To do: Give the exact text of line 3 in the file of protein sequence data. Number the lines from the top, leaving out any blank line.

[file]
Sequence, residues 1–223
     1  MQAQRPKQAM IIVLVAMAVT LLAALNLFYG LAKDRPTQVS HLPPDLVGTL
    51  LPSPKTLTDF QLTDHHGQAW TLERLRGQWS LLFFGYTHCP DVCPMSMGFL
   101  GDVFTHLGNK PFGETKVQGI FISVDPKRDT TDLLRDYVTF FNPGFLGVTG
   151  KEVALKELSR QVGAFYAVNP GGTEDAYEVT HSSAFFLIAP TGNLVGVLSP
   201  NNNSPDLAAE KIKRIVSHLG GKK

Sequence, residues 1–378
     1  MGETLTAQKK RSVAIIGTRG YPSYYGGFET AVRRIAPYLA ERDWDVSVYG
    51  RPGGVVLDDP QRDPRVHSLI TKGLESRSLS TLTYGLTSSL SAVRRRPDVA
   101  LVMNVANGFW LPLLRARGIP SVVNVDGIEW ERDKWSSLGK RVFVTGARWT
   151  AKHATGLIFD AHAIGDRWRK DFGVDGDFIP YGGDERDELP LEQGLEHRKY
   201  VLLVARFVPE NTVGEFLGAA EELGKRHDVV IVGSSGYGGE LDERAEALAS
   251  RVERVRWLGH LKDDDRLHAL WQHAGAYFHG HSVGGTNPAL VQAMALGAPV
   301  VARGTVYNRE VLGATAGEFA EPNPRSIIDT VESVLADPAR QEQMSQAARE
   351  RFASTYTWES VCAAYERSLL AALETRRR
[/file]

    51  LPSPKTLTDF QLTDHHGQAW TLERLRGQWS LLFFGYTHCP DVCPMSMGFL